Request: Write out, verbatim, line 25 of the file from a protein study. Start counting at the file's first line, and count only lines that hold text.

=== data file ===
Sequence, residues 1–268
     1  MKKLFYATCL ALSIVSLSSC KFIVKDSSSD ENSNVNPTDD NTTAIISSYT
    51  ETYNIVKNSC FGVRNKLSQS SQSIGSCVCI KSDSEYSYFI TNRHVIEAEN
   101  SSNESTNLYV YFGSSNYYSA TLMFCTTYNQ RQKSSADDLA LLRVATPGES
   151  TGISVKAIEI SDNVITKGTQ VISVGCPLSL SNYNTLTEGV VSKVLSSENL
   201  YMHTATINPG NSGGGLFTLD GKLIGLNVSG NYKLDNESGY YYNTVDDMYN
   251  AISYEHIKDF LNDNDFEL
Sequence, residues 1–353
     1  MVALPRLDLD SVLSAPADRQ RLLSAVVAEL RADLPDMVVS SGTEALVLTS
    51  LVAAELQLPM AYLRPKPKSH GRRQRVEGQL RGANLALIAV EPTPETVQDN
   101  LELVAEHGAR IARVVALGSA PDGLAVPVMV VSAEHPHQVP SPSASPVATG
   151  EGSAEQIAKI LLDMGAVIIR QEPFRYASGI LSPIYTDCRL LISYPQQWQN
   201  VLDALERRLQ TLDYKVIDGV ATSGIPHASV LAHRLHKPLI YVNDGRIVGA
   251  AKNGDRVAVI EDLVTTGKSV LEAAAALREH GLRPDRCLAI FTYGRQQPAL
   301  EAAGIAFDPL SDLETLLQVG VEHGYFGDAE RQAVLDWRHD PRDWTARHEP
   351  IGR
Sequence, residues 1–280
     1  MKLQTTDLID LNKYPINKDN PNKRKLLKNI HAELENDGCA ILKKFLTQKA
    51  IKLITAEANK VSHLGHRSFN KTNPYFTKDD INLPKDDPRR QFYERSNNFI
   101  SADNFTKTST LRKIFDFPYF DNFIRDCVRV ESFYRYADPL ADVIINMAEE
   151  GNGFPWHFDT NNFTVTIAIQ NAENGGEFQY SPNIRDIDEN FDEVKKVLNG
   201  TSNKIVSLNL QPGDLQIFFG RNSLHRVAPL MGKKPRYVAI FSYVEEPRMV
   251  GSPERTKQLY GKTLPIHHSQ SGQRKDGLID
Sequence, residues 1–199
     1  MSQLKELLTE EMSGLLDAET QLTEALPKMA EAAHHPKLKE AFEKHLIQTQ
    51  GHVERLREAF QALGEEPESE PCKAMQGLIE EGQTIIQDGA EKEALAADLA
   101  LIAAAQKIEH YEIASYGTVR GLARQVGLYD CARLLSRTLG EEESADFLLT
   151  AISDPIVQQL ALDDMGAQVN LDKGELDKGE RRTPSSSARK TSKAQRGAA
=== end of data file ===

     1  MSQLKELLTE EMSGLLDAET QLTEALPKMA EAAHHPKLKE AFEKHLIQTQ